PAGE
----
Using the Event Horizon Telescope, scientists obtained an image of the black hole at the center of galaxy M87, outlined by emission from hot gas swirling around it under the influence of strong gravity near its event horizon.
Using the Event Horizon Telescope, scientists obtained an image of the black hole at the center of galaxy M87, outlined by emission from hot gas swirling around it under the influence of strong gravity near its event horizon. Event Horizon Telescope collaboration et al

It was on April 10 that space scientists unveiled the first ever picture of a black hole snapped by the Event Horizon Telescope. The image showed a dark entity surrounded by bright light, and experts revealed that this supermassive black hole is located at the center of the galaxy Messier 87.

Now, astronomers at Radboud University in the Netherlands have shared their future plans to work on a project aimed at taking sharper images of black holes which may help humans to know more about these dark entities. The research team aims to place two or three satellites in a circular orbit around Earth to take images of black holes, and they have named it the Event Horizon Imager (EHI).

It should be noted that the resolution of radio telescopes will be limited due to its size. To avoid this issue, researchers are planning to turn Earth into a planet-size virtual telescope by installing a network of dish telescopes around the world. Researchers at Radboud believes that these network of dish telescopes could help to snap crystal clear image of black holes in the future.

"There are lots of advantages to using satellites instead of permanent radio telescopes on Earth, as with the Event Horizon Telescope (EHT). In space, you can make observations at higher radio frequencies, because the frequencies from Earth are filtered out by the atmosphere," Roelofs added. "The distances between the telescopes in space are also larger. This allows us to take a big step forward. We would be able to take images with a resolution more than five times what is possible with the EHT," said Freek Roelofs, a researcher at Radboud University in a recent statement.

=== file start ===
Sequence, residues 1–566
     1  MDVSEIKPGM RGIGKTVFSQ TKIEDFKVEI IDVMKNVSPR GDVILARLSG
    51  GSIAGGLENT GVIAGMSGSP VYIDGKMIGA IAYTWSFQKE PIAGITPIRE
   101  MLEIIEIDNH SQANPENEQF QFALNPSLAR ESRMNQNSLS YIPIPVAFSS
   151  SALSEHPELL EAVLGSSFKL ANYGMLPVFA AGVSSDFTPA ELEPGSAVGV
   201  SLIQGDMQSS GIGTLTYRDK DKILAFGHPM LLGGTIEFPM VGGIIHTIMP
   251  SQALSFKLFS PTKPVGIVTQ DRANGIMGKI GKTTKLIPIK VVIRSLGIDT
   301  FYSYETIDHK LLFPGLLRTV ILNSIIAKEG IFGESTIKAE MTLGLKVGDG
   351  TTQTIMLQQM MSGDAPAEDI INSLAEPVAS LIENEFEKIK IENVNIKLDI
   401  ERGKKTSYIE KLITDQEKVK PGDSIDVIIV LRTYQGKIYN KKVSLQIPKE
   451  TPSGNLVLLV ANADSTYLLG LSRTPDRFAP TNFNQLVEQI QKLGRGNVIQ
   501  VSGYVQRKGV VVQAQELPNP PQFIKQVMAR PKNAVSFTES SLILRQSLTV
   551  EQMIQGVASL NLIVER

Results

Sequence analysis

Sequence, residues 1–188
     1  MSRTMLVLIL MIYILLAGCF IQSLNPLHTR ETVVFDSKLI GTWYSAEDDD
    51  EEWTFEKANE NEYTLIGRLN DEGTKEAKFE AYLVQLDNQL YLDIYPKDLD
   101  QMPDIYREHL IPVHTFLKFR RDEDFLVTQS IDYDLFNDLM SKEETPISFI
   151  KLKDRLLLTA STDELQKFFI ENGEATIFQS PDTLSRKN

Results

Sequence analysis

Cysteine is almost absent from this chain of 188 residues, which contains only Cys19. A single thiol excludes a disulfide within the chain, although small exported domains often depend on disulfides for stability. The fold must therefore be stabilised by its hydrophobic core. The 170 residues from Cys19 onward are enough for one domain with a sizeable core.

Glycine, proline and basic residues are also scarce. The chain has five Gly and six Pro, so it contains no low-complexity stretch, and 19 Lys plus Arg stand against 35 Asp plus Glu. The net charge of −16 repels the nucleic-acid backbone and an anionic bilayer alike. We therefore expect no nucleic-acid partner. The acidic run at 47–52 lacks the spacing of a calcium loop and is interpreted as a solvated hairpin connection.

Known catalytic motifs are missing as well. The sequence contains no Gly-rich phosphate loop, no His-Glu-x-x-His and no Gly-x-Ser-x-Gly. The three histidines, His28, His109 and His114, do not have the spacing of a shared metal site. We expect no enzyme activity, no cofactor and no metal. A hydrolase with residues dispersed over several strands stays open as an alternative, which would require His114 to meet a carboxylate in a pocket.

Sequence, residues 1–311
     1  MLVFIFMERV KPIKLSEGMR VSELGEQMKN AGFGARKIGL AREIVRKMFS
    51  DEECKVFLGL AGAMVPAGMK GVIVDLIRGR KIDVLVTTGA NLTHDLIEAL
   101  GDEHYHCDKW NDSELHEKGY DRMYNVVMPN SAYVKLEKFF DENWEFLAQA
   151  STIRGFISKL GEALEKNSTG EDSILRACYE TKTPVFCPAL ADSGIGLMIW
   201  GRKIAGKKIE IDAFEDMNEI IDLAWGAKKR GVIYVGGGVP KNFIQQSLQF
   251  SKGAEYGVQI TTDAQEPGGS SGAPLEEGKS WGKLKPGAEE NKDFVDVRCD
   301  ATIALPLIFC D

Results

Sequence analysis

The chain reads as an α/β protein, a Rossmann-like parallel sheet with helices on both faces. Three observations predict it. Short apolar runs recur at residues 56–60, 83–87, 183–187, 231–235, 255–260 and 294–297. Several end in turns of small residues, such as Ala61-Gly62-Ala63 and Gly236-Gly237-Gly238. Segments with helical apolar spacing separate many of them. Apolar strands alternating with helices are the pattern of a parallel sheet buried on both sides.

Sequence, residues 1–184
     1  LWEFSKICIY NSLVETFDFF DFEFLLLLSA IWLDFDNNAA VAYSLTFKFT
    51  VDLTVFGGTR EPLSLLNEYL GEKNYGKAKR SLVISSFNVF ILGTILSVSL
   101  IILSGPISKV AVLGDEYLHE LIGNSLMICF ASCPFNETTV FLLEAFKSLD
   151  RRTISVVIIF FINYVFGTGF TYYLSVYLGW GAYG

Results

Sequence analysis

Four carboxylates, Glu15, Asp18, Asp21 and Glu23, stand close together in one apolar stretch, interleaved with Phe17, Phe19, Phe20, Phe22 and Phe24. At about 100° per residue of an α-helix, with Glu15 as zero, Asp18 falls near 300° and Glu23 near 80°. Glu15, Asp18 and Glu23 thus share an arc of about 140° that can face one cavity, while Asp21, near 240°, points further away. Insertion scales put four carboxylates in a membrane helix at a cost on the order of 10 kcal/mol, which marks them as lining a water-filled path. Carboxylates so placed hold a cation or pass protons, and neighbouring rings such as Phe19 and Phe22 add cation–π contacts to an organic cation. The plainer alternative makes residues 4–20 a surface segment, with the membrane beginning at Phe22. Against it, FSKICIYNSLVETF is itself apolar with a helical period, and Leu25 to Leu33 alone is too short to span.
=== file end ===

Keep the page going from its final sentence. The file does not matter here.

A few days back, Louise Riofrio, a former NASA scientist had claimed that there could be a black hole at the center of the earth. Riofrio made these comments while talking to Blake cousins, a conspiracy theorist duo who operates the YouTube channel 'Third Phase of Moon'.

"While people have looked for black holes in space, there could be a black hole in the last place they would think – beneath their feet inside the Earth. It would be a tiny thing – almost the grain of sound but as heavy as the moon. Billions of years ago, the Earth would have revolved around this black hole – that black hole is responsible for generating our heat," said Riofrio during the talk.